Maybe Republicans Need a Policy Agenda After All?
One of the more illustrative post-election reactions on the political right came from Fox News’ Jesse Watters on Wednesday afternoon—as it became apparent that conservatives’ anticipated “red wave” had failed to materialize in the previous day’s midterm elections.
“There’s just not the hatred for Joe Biden that there is for Barack Obama and for the Clintons,” Watters complained on the air. “There’s not a ‘hate Biden’ vote that’s out there…. People just don’t feel the same passion.”
It’s true. President Joe Biden has many negative qualities. He’s sleepy. He’s a serial fabulist and a lifetime D.C. creature. He’s blatantly overstepped his authority in several ways during the past two years. Despite all that, one thing he’s not is hateable.
Indeed, exit polls show that midterm voters who held a negative opinion of Biden actually broke slightly toward Democrats.
That’s not supposed to happen, and it may have sunk Republicans who had banked on anti-Biden sentiment to power their expected red wave. The election turned out to be a choice, not a referendum, and Republicans simply failed to give enough voters a sufficient reason to choose their side—probably in large part because of how they’ve been blinded in recent years by the politics of personality.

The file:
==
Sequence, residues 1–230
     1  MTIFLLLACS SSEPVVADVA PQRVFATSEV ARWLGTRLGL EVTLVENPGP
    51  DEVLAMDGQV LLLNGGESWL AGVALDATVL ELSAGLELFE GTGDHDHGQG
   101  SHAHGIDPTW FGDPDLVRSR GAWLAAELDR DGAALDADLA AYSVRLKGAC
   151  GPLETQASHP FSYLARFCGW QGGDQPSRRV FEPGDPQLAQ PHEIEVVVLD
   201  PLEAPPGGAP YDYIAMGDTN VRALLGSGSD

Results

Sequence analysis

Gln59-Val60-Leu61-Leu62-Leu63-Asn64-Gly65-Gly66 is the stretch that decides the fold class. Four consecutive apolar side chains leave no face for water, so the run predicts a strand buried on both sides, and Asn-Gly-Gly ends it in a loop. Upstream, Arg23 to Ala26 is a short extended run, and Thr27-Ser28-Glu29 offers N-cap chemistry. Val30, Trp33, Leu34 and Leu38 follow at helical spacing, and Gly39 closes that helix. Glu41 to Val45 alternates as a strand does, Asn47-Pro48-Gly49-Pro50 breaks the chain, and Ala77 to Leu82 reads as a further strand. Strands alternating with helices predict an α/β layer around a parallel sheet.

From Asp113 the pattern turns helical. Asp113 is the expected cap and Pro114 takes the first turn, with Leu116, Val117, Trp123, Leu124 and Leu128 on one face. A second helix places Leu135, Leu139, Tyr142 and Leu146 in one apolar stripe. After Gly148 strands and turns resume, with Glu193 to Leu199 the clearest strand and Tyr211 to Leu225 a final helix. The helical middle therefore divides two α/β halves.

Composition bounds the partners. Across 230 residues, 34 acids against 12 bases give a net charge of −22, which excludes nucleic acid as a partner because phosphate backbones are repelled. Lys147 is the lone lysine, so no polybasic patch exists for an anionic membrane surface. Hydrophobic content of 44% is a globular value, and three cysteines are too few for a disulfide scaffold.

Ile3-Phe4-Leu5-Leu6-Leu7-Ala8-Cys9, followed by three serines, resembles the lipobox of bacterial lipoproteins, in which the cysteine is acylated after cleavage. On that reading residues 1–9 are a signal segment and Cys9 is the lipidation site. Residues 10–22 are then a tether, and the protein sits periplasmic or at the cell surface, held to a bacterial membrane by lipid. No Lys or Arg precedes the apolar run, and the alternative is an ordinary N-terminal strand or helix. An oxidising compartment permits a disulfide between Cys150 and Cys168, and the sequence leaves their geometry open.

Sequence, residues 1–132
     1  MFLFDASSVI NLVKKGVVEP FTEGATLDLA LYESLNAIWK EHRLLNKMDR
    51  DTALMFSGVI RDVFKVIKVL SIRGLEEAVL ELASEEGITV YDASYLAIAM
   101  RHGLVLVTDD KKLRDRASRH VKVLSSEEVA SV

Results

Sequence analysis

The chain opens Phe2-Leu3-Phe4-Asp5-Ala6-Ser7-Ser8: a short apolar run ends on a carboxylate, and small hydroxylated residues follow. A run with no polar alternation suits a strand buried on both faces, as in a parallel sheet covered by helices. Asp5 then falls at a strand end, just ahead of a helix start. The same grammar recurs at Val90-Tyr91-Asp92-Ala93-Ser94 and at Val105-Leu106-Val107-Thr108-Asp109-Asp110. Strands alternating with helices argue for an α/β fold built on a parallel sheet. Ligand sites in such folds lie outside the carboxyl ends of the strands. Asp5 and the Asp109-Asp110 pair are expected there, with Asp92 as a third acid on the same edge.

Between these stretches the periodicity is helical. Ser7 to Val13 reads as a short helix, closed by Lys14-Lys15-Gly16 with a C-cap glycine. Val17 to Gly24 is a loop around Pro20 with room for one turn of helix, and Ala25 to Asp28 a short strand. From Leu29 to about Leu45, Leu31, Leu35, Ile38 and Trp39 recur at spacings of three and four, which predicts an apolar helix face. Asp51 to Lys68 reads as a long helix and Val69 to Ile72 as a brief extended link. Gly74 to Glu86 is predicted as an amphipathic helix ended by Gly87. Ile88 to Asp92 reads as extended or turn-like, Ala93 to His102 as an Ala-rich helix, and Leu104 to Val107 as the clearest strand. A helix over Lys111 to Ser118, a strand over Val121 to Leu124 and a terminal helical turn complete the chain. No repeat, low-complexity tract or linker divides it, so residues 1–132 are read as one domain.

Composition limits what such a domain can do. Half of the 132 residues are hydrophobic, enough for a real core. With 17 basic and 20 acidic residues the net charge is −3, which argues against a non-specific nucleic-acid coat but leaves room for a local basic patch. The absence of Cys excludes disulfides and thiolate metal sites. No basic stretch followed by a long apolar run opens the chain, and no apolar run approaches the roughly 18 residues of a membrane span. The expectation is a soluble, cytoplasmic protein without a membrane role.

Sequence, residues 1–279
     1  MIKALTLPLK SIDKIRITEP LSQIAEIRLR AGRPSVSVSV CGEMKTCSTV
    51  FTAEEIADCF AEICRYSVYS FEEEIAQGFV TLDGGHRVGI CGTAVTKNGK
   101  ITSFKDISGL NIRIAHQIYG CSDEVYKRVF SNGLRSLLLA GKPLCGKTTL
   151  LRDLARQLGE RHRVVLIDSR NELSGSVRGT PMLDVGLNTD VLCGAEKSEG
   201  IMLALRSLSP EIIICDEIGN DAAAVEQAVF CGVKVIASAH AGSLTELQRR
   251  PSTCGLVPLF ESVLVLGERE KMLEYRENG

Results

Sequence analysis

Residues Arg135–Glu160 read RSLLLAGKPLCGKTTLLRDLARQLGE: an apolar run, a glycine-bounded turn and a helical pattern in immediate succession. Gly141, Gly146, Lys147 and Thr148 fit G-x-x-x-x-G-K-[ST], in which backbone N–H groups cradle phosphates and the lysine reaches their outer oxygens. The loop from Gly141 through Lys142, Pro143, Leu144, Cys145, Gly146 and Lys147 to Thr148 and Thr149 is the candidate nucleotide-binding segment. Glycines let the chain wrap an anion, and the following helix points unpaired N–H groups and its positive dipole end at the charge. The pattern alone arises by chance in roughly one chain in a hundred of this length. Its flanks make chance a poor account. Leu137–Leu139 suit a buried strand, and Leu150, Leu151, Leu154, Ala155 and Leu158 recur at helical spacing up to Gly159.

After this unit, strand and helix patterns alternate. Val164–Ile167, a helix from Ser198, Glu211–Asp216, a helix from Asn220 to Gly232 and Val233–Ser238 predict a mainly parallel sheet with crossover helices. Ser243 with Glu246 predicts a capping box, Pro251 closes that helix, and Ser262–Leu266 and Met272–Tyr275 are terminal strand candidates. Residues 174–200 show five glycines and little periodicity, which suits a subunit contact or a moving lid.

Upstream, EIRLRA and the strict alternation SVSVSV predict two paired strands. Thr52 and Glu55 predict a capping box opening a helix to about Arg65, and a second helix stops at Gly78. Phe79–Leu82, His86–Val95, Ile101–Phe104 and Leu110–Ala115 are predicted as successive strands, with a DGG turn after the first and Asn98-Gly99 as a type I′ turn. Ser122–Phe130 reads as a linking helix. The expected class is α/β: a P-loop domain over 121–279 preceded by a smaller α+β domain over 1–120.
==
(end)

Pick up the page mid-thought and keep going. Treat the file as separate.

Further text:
In fact, if you want to trace the roots of Tuesday’s debacle for the GOP, a good place to start would be the 2020 Republican National Convention in Charlotte, North Carolina. That’s where the top officials in GOP politics decided to dispense with the traditional drafting of a platform—the document that outlines the ideals and policy goals for which the party stands—in favor of a statement pledging allegiance to then-President Donald Trump.
It was, in essence, a codification of the evolution that the party had undergone since Trump descended from a Fifth Avenue escalator to declare his candidacy five years earlier. Personality had fully triumphed over policy.
Even before Tuesday, there were clear signals about the limits of that approach. Trump was an unpopular president who’d lost both chambers of Congress during his one term in office. His chaotic response to losing the 2020 presidential election likely cost Republicans control of the Senate for the past two years.
After Tuesday, there can be no more debate about the diminishing returns of that approach. Even in places where Trump’s favored candidates won—like in Ohio, where J.D. Vance was elected senator—they underperformed non-Trump candidates. Elsewhere, personality-first and policy-poor candidates in Trump’s mold, like Arizona’s Senate hopeful Blake Masters, flopped hard.
This transition within Republican politics has had consequences that go beyond the results of elections. As the GOP elevated Trump and his style of politics, the
Article from Reason.com